By Jenna Koch, executive entertainment editor

         Troye Sivan’s new album, Bloom, encaptures the feeling of being 16, closer to 20 than ten, and feeling completely infatuated with someone.  It feels like a peach; the flower blooms and it’s so beautiful. Then it ripens into a sickeningly sweet romance, all while knowing there’s such a short amount of time before it falls and rots away into the ground. Or maybe baked into something delicious. The peach never knows which it’ll be.

While I’ve never felt anything remotely close to that, Sivan obviously has.

His last album, Blue Neighborhood, focused much on his recent breakup. It was mostly melancholy, with a few lighthearted tunes in between. However, Bloom finds Sivan proudly embracing love and sexuality in colors other than blue.

Songs such as Lucky Strike, My My My!, and Bloom aren’t afraid to express Sivan’s sexuality that’s far more mature compared to Blue Neighborhood.

Seventeen, the first song on the album, is a darker song that looks back on Sivan’s experiences on Grindr, a dating app for gay men.

Sivan said he used a fake ID to sign up for the app when he was 17, and used the app to hook up with older men. The song takes on neither a negative nor positive tone- it was simply written to share Sivan’s experiences and the emotions that came with them.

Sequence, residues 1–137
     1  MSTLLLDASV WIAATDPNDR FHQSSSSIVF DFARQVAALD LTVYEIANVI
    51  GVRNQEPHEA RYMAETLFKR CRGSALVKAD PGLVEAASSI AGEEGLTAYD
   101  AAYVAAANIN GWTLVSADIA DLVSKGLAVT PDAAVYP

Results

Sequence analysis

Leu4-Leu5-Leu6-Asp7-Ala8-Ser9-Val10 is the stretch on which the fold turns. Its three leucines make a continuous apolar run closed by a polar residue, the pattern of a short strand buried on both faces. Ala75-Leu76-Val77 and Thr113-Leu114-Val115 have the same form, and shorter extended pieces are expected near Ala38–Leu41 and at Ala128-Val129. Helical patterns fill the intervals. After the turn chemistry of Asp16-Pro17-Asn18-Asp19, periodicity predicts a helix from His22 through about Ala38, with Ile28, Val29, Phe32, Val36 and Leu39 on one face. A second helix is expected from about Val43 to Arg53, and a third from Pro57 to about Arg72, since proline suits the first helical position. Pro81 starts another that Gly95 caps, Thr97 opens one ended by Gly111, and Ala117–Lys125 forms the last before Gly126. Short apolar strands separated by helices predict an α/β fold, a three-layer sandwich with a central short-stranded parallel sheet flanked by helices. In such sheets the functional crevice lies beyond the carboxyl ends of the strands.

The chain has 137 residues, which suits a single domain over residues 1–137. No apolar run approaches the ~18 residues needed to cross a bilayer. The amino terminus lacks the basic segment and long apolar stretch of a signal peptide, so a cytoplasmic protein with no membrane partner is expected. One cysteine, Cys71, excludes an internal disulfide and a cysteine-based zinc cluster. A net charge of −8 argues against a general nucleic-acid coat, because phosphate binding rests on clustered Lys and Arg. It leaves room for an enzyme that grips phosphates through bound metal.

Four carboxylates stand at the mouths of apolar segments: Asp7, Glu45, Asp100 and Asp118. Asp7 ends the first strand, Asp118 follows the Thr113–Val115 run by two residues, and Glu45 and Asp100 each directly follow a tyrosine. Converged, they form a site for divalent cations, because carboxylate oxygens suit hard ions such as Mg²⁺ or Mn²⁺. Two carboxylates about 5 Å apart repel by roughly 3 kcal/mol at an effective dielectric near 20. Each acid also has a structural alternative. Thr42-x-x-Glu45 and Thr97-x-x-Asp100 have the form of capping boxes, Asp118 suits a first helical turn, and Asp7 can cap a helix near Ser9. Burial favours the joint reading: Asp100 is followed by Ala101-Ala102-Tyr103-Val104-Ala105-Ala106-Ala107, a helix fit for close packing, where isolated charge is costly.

Even in the slower, more emotional songs, Sivan still sings of intense romances rather than heartaches. Animal describes almost a “till death do us part” romance.

An ode to the boy I love/ Boy, I’ll die to care for you”

He fantasizes about the future he’d like to have with this boy in What a Heavenly Way To Die as well.

“When our promise has come and gone/And our youth is all but melted,  melted/ We can listen to this song”

Sivan has finally found the boy he’d like to spend eternity with, and brings that emotion beautifully into his music.

In a final nod to his Blue Neighborhood album and the break-up that inspired it, The Good Side acts as a public apology to his ex.

“And I happened to be on the good side of things,” Sivan said in an interview with Zane Lowe on Beats 1 “I got to go on tour, I got to go and see the world, I had this very therapeutic experience of singing songs about that breakup and watching people sing them back to me, and I met someone new fairly soon afterwards.”

The song has a very dreamy feel to it, and it’s far slower and softer than the rest of the album. It’s a perfect closure to Blue Neighborhood and allows a transition from the heartbreak of his last album to the new love sung about in Bloom.

Bloom has solidified Sivan’s place among the queer dream-pop artists, and this is only the beginning of a new era in his music filled with flowers and love.